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Thursday, February 27, 2020  Spokane, Washington  Est. May 19, 1883
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News >  Spokane

100 years ago in Spokane: Lecturer warns students against ‘degeneracy’ of jazz

“It will do no good to appeal the class of people older than the high school student, for that class is crazy over jazz already,” Jerome Shaffer told North Central students. (Spokane Daily Chronicle archives)
“It will do no good to appeal the class of people older than the high school student, for that class is crazy over jazz already,” Jerome Shaffer told North Central students. (Spokane Daily Chronicle archives)

A lecturer urged North Central High School students to cut out everything to do with “jazz” – including the music, the slang and the dress.

This was the only solution to the “growing degeneracy” of youth and the population in general, said Jerome Shaffer, described as a New York lecturer and entertainer in the Spokane Daily Chronicle. He told the students that the generation before them was already a lost cause.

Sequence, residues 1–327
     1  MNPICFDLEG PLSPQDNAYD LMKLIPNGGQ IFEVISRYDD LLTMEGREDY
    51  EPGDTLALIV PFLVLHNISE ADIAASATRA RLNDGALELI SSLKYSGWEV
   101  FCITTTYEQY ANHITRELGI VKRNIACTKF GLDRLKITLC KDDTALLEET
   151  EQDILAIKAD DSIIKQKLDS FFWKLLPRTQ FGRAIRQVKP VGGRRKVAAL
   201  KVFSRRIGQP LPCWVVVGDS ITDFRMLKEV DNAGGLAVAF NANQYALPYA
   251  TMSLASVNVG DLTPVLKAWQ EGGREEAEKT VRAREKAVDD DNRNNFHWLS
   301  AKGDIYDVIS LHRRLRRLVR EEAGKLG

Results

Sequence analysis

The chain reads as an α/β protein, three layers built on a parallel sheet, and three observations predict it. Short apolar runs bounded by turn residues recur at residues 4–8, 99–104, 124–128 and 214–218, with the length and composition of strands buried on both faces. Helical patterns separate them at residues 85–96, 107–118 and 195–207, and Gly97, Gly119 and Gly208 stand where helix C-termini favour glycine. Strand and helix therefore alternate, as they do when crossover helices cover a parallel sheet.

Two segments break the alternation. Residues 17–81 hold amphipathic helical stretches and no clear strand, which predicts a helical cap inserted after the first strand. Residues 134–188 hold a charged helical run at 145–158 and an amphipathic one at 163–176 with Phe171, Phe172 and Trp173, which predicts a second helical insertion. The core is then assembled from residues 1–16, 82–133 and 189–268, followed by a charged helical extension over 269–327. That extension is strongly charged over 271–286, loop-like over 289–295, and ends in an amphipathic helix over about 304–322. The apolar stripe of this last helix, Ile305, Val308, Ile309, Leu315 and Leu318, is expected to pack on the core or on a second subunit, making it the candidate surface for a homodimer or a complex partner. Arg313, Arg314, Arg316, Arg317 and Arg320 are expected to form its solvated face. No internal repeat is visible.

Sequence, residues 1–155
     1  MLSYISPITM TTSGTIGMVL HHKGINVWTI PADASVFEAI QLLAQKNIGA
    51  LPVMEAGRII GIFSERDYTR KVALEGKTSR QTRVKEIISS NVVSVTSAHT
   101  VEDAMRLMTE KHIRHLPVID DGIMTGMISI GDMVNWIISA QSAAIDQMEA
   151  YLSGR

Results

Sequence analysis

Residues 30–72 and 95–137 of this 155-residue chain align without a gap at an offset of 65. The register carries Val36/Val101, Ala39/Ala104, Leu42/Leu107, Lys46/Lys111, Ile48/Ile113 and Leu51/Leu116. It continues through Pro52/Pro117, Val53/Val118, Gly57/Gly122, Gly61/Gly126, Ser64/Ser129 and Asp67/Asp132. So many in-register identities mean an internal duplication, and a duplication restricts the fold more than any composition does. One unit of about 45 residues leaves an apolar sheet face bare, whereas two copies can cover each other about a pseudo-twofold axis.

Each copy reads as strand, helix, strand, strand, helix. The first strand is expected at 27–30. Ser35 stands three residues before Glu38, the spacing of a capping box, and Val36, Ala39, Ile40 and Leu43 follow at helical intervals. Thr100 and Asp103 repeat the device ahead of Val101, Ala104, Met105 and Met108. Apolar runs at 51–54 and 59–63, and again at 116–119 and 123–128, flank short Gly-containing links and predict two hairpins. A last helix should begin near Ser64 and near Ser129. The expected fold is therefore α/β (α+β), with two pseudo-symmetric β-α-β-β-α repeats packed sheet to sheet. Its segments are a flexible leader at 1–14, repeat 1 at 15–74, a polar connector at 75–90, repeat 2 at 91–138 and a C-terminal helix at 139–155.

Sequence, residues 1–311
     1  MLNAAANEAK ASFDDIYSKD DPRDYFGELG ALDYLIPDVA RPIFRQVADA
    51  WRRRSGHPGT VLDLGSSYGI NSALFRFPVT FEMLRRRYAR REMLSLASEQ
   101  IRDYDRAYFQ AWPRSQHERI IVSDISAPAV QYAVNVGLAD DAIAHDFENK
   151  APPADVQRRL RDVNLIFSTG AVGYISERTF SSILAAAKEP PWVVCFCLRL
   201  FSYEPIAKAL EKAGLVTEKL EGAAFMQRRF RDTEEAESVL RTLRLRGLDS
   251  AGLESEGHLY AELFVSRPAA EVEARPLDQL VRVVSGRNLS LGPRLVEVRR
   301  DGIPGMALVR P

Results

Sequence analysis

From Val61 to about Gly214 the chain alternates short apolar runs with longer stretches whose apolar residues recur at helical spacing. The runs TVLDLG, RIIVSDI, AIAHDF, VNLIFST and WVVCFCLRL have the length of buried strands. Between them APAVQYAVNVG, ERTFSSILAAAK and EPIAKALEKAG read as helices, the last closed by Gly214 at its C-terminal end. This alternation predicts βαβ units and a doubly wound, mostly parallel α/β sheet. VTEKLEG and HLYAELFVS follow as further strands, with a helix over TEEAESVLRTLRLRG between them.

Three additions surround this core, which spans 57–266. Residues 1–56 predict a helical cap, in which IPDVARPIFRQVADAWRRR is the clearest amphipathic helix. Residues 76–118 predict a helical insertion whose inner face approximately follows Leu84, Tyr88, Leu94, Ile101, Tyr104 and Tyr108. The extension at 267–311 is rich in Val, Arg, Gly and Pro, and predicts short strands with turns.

“It will do no good to appeal the class of people older than the high school student, for that class is crazy over jazz already,” Shaffer told them during a convocation. “Our only hope for a right kind of future for young America is to instill in the high school student the desire to limit activities to the right things.”

From the theater beat: The city’s theater owners were trying to ward off a move by the city’s ministers to close all places of entertainment on Sundays.

Spokane audiences had long flocked to Sunday matinees of plays and movies. However, a self-appointed “purity crusader” had recently uncovered old 1886 and 1891ordinances banning all entertainments on Sundays. They had not been enforced for decades, but neither had they been repealed.

City Commissioner J.H. Tilsley said he planned to introduce an ordinance to repeal them, which prompted the local ministerial association to urge renewed enforcement. The association said movies were a “counter attraction” to church services.

This, in turn, prompted the theater owners to present their case that Sunday shows were a well-loved source of amusement for working people.

The City Council had not yet ruled on this, but several members indicated that they were not on the side of the ministers.

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